Using the zoom factor to fix it is not ideal, but as far as I can see there just isn't native support for increasing the DPI in this version of WebKit. For future versions there seem to be better alternatives, but for this version I don't think there's another way. The zoom factor does exactly what is necessary though.

There are quite a few issues regarding the --dpi setting, font kerning, and proper output scale, and currently the --dpi setting does not work as documented (I see no effect except for page size rounding), so in my opinion this change fixes many issues. I agree that you probably need a better solution when switching to a WebKit version that has better support for device pixel scaling, but that is required regardless of whether this change is merged in the 0.13 builds.

The comment For screen output we assume 1 inch == 72 px, for printer we assume 300 dpi does not seem to correspond to the results I'm seeing. I tried to trace its history, but it seems that is no longer available (before the initial commit). At that time, there seemed to be hardcoded values of 72 that are now gone. Perhaps the comment is no longer accurate.

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ashkulz commented Jul 27, 2015

See line 646, that is still there. Have you tested on Linux or OS X?

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pvandertak commented Jul 27, 2015

The 72 on line 646 is because 1 pt is defined as 1/72th of an inch. I was talking about the values at line 54 and 152. Line 54 is in the computeLength* functions, which is the function where the comment in the header file is.

I tested it on Windows 7 and Ubuntu.

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ashkulz commented Jul 28, 2015

I'll try it with a few test-cases (e.g. #1563) and merge if all looks well.

@llCorvinSll

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llCorvinSll commented Aug 18, 2015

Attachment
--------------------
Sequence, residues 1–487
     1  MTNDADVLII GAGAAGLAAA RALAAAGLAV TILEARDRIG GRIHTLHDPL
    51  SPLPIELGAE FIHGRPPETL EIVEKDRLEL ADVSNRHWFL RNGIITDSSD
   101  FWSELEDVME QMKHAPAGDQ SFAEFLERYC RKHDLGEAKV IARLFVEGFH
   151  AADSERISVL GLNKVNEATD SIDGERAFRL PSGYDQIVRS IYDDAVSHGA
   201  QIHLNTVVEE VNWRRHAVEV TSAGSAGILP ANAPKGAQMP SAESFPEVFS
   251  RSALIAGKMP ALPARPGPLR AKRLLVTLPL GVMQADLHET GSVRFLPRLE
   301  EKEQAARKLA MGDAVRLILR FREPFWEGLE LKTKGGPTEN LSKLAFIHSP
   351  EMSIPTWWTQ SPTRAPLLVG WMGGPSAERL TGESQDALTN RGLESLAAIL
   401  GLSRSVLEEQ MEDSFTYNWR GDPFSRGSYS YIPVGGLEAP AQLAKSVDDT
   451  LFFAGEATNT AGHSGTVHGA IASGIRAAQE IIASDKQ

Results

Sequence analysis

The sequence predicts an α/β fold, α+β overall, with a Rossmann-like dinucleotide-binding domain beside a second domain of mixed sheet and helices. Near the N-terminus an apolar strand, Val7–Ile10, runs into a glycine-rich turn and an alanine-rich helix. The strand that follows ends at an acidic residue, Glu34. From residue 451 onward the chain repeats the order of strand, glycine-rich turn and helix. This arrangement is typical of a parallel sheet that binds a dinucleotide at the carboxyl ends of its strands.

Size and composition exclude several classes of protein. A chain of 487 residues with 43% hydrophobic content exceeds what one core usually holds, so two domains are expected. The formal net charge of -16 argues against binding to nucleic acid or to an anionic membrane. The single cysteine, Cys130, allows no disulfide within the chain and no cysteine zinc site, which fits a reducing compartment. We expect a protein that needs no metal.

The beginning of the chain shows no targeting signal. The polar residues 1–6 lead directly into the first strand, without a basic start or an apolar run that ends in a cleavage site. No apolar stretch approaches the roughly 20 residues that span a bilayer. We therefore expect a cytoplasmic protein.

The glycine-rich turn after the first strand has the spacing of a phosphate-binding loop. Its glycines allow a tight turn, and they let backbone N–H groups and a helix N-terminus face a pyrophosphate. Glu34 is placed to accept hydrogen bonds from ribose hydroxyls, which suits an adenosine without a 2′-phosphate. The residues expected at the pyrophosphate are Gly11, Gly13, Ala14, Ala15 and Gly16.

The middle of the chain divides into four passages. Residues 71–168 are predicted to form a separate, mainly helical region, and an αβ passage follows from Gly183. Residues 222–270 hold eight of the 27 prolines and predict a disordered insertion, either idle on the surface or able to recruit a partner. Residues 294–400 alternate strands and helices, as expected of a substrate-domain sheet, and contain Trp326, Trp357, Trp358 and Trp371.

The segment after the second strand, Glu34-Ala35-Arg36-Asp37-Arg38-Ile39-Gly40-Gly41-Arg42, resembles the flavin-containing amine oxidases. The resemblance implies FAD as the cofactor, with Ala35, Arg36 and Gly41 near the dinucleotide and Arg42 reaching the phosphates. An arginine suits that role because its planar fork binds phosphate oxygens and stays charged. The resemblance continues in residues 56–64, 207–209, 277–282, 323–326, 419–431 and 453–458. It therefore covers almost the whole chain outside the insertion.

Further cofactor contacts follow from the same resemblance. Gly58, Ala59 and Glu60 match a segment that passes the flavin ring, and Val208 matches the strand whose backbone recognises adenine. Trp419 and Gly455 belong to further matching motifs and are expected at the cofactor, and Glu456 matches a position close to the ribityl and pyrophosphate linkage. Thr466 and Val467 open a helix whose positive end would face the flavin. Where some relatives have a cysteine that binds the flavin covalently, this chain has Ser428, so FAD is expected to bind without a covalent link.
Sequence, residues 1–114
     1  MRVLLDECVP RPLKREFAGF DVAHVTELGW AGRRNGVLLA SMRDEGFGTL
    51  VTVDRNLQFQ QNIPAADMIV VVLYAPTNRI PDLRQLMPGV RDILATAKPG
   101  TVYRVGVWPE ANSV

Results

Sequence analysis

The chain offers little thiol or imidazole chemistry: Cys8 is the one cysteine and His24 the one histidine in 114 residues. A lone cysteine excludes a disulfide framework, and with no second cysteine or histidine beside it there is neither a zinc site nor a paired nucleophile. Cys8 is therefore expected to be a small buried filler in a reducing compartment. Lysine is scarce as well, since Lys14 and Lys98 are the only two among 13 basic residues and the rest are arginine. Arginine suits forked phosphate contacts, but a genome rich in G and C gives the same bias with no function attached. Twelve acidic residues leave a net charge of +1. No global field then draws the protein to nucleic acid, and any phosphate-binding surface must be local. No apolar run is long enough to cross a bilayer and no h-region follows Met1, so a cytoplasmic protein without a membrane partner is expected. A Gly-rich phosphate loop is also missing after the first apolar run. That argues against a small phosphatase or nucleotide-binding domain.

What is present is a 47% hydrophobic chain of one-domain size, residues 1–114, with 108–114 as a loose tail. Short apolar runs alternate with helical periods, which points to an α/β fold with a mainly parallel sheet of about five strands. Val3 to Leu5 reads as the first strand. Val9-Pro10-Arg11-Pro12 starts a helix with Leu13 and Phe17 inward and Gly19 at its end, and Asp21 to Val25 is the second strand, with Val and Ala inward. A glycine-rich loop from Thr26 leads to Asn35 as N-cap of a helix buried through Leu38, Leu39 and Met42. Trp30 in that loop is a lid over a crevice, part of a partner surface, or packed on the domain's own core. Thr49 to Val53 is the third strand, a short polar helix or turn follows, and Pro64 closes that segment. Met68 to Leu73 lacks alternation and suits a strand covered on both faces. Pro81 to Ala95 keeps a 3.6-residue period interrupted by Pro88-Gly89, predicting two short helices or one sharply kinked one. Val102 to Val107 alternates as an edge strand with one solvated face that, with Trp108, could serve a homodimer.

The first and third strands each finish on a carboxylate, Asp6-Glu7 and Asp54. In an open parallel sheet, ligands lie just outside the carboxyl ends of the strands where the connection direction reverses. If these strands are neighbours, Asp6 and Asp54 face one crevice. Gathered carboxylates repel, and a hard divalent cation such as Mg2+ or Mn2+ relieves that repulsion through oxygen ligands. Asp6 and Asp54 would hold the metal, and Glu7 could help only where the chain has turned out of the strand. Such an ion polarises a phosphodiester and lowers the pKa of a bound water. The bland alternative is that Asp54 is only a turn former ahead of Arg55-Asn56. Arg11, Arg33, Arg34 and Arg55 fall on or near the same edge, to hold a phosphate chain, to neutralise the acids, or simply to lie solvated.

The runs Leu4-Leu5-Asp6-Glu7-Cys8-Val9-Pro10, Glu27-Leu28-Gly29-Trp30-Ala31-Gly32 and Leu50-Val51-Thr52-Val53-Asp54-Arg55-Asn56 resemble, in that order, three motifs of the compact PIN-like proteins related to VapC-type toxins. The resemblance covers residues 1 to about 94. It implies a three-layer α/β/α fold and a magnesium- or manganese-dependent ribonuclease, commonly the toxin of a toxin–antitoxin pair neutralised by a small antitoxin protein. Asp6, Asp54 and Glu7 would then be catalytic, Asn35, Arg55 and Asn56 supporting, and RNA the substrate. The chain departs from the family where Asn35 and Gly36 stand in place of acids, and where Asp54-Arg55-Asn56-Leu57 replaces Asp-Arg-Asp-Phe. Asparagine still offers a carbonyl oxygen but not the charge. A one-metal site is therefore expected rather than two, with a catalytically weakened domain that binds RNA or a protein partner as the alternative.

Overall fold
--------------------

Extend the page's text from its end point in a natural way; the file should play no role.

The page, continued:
For me this fix resolve issue with windows sacaling on different mashines, and also remove kerning issue on HiDPI Windows mashine

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llCorvinSll commented Nov 10, 2015

@ashkulz any progress in testing this pullrequest?

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ashkulz commented Dec 15, 2015

not really, I've been MIA for the last few months and most probably till early next year.

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rlmumford commented Jan 20, 2016

@pvandertak I can't get this to compile as the fix-dpi branch on qt has now been deleted and so running git submodule update after merging the branch gives the following error

fatal: reference is not a tree 14bade74941a20444282acca6d6122564b93921e

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pvandertak commented Jan 20, 2016

It is probably trying to get the submodule from https://github.com/wkhtmltopdf/qt instead of mine. I think you need to fetch the commits in the qt submodule from https://github.com/pvandertak/qt manually - the dpi_fix branch there exists. I think something like the following should solve it:

cd qt
git fetch https://github.com/pvandertak/qt
cd ..
git submodule update
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tomcardoso commented Feb 23, 2016

FWIW, just wanted to +1 this PR — hoping it'll fix a frustrating font sizing problem for me.

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gkinsman commented Feb 25, 2016

+1 also - we're struggling with varying DPI's on development machines versus production environments. I created a template on a high DPI machine, and was unaware of this issue and so now have to manually set the zoom level for that specific template.

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gkinsman commented Feb 25, 2016

Ok so it looks like I might be holding it wrong. I've gone back to 12.1.2 to see if it's solved, and I'm still getting different results at different DPI/Res combinations.

Is it even possible to use wkhtmltopdf in a res/dpi independant way? It seems that no matter what I do, switching between 3800x1800 (175% scaling) and 1920x1080 (100% scaling), the resulting PDF's are always different. I've attempted to make my template agnostic of this, but it's quite difficult and imo shouldn't be necessary.

Any ideas?

@pvandertak

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pvandertak commented Mar 6, 2016